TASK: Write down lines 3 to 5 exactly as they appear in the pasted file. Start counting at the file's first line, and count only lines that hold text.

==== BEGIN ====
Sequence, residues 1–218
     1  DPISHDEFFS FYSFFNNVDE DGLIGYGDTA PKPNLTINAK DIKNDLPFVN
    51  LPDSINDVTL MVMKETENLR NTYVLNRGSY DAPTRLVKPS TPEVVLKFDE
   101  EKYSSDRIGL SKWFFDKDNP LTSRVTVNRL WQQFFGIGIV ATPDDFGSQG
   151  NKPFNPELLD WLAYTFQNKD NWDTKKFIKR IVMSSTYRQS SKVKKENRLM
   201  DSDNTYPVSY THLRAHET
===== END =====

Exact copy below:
    51  LPDSINDVTL MVMKETENLR NTYVLNRGSY DAPTRLVKPS TPEVVLKFDE
   101  EKYSSDRIGL SKWFFDKDNP LTSRVTVNRL WQQFFGIGIV ATPDDFGSQG
   151  NKPFNPELLD WLAYTFQNKD NWDTKKFIKR IVMSSTYRQS SKVKKENRLM